Written by: Richard Mosley
Richard Mosley is widely recognized as one of the leading world authorities on employer brand development and management. His first book, ‘The Employer Brand’ (Wiley) published in 2005 has become a global best-seller, and the sequel: ‘Employer Brand Management: Practical Lessons from the World’s Leading Employers’, published by Wiley in September 2014, tracks the evolution of the discipline over the last 10 years, highlighting the latest best practices and trends that are likely to shape the future of recruitment, employee engagement and HR / talent management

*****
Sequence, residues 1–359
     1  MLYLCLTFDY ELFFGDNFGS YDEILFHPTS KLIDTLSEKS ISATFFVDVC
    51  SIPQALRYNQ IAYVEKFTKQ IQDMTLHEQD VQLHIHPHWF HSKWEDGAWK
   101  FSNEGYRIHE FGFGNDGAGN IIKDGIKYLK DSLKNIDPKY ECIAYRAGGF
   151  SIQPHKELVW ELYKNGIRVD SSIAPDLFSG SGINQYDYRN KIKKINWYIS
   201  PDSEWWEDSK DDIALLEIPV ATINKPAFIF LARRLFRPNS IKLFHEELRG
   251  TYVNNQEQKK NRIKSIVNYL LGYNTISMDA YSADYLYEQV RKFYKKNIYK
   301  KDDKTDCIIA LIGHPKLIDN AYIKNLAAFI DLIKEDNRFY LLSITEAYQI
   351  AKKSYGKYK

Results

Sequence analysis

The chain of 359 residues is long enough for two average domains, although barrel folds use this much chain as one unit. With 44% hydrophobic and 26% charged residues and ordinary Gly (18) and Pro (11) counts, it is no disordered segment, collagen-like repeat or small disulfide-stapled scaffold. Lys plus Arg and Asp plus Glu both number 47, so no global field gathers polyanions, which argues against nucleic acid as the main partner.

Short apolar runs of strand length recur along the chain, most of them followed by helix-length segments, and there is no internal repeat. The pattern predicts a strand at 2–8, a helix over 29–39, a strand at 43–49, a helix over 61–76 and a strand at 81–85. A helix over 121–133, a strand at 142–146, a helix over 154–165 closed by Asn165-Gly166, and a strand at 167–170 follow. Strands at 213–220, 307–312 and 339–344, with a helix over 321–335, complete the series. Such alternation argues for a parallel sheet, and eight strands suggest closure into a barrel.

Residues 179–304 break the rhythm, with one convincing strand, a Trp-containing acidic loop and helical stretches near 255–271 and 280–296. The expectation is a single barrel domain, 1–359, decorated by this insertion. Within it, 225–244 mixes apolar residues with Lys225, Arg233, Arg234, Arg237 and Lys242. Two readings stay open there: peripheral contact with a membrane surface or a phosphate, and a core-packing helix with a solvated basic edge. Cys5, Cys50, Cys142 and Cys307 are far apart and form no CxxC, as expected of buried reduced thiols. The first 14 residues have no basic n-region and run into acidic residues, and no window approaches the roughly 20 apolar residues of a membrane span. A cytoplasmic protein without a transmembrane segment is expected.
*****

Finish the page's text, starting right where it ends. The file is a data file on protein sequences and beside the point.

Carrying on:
Richard’s thinking draws on over 25 years’ experience in both brand management and HR consulting, and has led global employer brand development projects for a host of leading companies including Bacardi, BP, Coca-Cola, Ferrero, GSK, HSBC, Lafarge, LEGO, L’Oreal, JTI, Met Life, Nokia-Siemens, PepsiCo, Santander, Unilever and Verizon.
Today Richard serves as Global Vice President of Strategy at Universum and Senior Advisor for the Employer Branding Academy.